Psychiatric Advance Directives and reduction of coercive crisis interventions

Department of Psychiatry & Behavioral Sciences, Duke University Medical Center, Durham, NC, USA.
Journal of Mental Health (Impact Factor: 1.01). 06/2008; 17(3):255-267. DOI: 10.1080/09638230802052195
Source: PubMed


BACKGROUND: Psychiatric advance directives are intended to enable self-determined treatment for patients who lose decisional capacity, and thus reduce the need for coercive interventions such as police transport, involuntary commitment, seclusion and restraints, and involuntary medications during mental health crises; whether PADs can help prevent the use of these interventions in practice is unknown. AIMS: This study examined whether completion of a Facilitated Psychiatric Advance Directive (F-PAD) was associated with reduced frequency of coercive crisis interventions. METHOD: The study prospectively compared a sample of PAD completers (n=147) to non-completers (n=92) on the frequency of any coercive interventions, with follow-up assessments at 6, 12, and 24 months. Repeated-measures multiple regression analysis was used to estimate the effect of PADs. Models controlled for relevant covariates including a propensity score for initial selection to PADs, baseline history of coercive interventions, concurrent global functioning and crisis episodes with decisional incapacity. RESULTS: F-PAD completion was associated with lower odds of coercive interventions (adjusted OR=0.50; 95% CI=0.26-0.96; p < 0.05). CONCLUSIONS: PADs may be an effective tool for reducing coercive interventions around incapacitating mental health crises. Less coercion should lead to greater autonomy and self-determination for people with severe mental illness.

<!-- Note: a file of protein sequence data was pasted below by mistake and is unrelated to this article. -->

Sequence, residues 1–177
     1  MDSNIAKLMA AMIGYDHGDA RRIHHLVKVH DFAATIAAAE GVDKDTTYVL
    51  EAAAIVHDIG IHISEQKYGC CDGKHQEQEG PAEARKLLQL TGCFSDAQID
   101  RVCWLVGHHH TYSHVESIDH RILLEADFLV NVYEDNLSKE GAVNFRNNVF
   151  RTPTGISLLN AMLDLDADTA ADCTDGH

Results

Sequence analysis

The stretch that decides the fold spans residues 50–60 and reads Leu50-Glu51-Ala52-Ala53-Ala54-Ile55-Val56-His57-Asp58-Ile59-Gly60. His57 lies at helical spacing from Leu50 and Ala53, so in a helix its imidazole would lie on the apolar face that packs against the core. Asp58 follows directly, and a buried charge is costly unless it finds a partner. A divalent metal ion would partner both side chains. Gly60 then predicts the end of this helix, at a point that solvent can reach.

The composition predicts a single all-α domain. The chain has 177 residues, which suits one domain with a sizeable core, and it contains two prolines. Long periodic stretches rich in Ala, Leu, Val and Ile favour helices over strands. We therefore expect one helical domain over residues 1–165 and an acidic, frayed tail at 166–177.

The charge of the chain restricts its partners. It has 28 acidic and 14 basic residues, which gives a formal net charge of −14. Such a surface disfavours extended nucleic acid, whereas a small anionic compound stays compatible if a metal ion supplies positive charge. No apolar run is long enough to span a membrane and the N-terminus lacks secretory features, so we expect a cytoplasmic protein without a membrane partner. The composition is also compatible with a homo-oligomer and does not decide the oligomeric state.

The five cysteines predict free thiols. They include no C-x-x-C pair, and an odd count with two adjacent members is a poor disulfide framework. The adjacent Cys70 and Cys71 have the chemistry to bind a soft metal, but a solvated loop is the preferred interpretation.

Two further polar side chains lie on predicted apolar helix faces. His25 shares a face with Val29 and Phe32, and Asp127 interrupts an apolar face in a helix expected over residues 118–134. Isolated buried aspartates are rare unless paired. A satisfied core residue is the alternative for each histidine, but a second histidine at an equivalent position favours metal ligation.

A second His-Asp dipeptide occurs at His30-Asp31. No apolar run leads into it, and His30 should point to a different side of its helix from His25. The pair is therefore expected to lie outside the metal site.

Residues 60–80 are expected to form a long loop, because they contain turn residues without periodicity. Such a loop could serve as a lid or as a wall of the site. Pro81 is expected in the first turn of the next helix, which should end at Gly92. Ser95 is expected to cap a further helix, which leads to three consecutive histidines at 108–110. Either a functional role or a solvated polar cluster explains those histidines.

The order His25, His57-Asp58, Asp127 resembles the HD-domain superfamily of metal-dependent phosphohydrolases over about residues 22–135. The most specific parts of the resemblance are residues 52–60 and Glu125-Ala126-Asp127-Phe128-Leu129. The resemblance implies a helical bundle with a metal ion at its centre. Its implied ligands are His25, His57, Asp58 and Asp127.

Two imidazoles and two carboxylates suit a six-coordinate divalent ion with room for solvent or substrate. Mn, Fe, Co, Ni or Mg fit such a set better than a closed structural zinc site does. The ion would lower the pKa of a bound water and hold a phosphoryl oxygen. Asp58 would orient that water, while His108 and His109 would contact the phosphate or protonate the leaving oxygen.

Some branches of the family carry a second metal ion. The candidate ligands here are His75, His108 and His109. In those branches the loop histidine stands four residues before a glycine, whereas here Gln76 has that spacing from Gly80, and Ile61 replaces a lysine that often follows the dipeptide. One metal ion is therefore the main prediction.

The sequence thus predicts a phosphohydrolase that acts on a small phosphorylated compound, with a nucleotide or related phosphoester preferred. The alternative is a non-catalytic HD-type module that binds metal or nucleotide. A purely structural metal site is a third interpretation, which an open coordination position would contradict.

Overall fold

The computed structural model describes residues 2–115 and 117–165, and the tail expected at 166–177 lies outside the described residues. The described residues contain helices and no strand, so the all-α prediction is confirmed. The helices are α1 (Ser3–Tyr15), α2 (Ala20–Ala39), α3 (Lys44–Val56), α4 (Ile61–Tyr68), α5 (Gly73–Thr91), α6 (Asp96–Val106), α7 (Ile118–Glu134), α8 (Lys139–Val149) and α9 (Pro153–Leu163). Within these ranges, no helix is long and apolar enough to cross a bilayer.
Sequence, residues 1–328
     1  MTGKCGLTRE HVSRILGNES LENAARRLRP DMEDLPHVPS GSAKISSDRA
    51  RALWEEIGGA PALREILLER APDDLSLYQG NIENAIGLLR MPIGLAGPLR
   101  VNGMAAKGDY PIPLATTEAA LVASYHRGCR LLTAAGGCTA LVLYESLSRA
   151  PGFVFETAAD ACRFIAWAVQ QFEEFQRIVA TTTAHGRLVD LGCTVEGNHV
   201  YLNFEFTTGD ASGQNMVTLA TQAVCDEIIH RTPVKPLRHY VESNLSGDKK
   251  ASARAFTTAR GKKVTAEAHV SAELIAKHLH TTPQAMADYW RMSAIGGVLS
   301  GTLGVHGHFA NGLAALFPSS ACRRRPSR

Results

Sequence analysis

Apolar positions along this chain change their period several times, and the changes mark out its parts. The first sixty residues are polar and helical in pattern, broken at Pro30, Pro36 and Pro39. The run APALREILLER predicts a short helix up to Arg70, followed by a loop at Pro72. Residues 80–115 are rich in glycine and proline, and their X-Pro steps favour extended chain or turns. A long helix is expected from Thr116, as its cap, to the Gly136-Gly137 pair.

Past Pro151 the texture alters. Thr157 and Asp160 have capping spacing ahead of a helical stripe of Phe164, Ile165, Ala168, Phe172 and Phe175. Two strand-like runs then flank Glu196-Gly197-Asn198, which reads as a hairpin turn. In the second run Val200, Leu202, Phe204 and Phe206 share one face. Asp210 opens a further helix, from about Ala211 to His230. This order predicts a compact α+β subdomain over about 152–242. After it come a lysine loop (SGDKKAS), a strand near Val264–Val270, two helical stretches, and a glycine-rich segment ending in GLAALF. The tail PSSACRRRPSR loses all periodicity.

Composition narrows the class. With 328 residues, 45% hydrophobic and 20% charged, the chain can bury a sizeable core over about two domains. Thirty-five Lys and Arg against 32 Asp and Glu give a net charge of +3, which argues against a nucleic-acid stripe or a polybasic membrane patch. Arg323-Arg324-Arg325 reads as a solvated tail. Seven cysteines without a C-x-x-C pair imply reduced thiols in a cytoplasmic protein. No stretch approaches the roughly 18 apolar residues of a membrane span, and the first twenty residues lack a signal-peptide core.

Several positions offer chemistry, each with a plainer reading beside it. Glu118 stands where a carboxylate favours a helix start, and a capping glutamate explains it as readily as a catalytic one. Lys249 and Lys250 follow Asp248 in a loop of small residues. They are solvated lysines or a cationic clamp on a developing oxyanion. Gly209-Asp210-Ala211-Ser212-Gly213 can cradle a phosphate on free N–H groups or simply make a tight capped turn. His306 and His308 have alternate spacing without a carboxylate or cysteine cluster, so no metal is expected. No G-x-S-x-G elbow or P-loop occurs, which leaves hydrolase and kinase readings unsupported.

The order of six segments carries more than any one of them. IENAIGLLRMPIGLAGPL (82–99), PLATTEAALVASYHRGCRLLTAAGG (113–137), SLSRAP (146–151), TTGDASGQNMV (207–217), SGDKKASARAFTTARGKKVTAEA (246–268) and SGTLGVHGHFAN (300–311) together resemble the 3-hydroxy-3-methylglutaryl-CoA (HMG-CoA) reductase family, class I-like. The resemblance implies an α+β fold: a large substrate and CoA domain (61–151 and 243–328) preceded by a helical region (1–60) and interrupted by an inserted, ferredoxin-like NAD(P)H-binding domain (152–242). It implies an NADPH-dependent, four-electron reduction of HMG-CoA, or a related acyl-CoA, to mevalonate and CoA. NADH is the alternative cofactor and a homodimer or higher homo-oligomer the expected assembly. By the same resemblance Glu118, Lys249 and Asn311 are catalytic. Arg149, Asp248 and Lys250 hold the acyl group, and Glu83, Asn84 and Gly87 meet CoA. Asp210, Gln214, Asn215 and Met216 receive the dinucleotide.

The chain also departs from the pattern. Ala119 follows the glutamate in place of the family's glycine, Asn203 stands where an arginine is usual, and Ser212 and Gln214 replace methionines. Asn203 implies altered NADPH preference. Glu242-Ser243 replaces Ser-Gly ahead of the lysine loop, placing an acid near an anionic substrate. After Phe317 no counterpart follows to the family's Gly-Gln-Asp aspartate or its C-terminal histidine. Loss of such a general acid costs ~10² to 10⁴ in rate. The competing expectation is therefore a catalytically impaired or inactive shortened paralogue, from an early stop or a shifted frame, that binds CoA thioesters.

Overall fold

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Available from: H. Ryan Wagner, Dec 14, 2014
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    • "However, though welcomed at a theoretical level, this is not reflected in practice and, even where provision exists, their use is uncommon (Backlar, 1998; Gallagher, 1998; Jeste & Saks, 2006, p. 624; Sarin, 2012; Srebnik & Kim, 2006; Swanson et al., 2003; Varekamp, 2004). A frequently cited aim of PADs in general is to reduce the need for coercion through, for example, improving crisis management recommendations based on patients' past experiences and preferences (Henderson et al., 2004; Khazaal, Chatton, Pasandin, Zullino, & Preisig, 2009; Swanson et al., 2008; Thornicroft et al., 2013). By contrast, a primary outcome of SBDs is to enable the individual to request introduction of coercive interventions in the earlier stages of illness, in order to prevent themselves from engaging in damaging and risky behaviour as they deteriorate (Gremmen, Widdershoven, Beekman, Zuijderhoudt, & Sevenhuijsen, 2008). "